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Adams ‘would need persuasion’ to invite Queen to 1916 commemoration

Gerry Adams
Gerry Adams

GERRY Adams would “have to be persuaded” that the Queen should be invited to Ireland’s Easter Rising centenary commemorations in 2016.

The Sinn Féin President, who recent polls forecast to be Ireland’s Tánaiste at the time of the Rising’s centenary, made the admission during an interview with The Irish Post last weekend.

Mr Adams said it “may be appropriate” for the Queen to be involved in the commemoration of events like World War I.

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But the republican leader remains unconvinced that the same applies to the anniversary of the declaration of the Irish Republic.

“That republic has not yet been established, it was a national republic” Mr Adams explained.

“What we have in place at the moment is a 26-county state, which falls far far short of being a real republic.

“So I would have to be persuaded that the English monarch should be invited to that.”

His comments follow the announcement by current Tánaiste Eamon Gilmore that British royals, politicians and unionist leaders will be invited to Dublin to mark the Easter Rising.

Ireland “will remain a divided society” without such a move, the Labour Party leader warned.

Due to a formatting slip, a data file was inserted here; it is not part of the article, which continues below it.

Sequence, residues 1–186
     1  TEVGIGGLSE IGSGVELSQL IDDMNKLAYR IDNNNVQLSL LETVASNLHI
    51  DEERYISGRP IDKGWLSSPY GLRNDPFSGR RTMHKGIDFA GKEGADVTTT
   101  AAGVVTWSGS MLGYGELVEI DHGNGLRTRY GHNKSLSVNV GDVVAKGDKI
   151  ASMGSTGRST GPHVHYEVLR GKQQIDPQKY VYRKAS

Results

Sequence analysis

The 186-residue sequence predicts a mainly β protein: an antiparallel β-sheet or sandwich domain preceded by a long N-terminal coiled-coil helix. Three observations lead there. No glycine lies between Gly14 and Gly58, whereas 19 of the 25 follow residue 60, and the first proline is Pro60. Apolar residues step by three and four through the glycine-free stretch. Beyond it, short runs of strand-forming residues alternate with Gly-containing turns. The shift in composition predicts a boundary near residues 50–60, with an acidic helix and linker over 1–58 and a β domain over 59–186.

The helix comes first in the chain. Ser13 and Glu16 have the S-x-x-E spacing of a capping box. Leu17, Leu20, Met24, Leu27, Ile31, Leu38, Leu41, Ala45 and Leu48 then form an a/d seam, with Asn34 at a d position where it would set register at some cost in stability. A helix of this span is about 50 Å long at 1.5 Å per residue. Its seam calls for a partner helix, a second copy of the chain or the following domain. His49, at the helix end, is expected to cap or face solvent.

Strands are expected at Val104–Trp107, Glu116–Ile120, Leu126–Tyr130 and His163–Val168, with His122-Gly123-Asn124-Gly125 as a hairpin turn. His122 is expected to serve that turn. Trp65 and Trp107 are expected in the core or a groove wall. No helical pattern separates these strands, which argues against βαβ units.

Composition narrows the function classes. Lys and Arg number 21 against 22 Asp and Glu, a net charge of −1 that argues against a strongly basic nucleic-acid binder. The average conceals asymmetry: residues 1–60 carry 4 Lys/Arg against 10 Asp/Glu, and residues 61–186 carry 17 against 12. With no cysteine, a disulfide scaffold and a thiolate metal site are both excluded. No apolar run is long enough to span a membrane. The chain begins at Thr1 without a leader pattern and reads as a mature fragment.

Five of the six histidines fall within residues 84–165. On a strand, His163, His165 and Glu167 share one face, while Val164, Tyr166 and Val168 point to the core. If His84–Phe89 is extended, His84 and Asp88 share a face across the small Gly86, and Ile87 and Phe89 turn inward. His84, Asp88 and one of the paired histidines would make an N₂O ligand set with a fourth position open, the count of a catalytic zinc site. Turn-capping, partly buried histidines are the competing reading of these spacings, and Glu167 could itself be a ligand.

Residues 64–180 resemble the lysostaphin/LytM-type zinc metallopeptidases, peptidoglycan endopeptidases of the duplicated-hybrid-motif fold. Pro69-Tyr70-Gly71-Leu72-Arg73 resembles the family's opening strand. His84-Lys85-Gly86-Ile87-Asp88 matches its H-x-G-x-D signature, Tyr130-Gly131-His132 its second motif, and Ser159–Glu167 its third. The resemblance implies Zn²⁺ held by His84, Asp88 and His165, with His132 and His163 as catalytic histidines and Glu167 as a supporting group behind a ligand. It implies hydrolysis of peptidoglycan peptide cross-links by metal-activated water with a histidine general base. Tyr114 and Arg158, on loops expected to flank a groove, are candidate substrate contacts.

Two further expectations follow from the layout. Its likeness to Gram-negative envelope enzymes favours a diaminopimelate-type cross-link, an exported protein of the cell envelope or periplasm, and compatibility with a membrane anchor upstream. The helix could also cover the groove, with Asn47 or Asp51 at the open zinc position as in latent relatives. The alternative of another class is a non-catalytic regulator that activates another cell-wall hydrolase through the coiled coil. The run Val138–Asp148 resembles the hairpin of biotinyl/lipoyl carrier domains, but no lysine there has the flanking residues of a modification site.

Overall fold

And Mr Gilmore may be able to see through his hopes if the Irish Government stretches the rules to the limit and holds the next general election on April 8, 2016.

Queen Elizabeth II shakes hands with Northern Ireland Deputy First Minister Martin McGuinness in 2011
Queen Elizabeth II shakes hands with Northern Ireland Deputy First Minister Martin McGuinness in 2011

Despite the Rising’s actual centenary being in late April, it is expected to be commemorated on Easter Sunday, which falls on March 27 in 2016.

But Mr Adams’ comments suggest that opposition to the invitation of British royals could be used as a rallying call for his party ahead of the vote.

They follow a trend set by the Sinn Féin leader during the Queen’s historic visit to Ireland in 2011.

Despite the event receiving almost universal approval, Mr Adams criticised the monarch for making a “gross understatement” when she described Britain and Ireland’s past as “troubled”.

“Many people I have spoken to, particularly from the North (of Ireland), have expressed a disappointment that she did not apologise in a more direct and clear way for British involvement in Irish affairs,” he told the BBC.

While he acknowledged the Queen expressed “sincere” sympathy, Mr Adams added: “If there is to be more benefit out of this, it will be if it moves beyond these important gestures and remarks.”

Read the full exclusive interview with Gerry Adams in this week’s Irish Post – out now


Niall O Sullivan

Niall O’Sullivan is a reporter at The Irish Post. You can follow him on @Niall_IrishPost on Twitter

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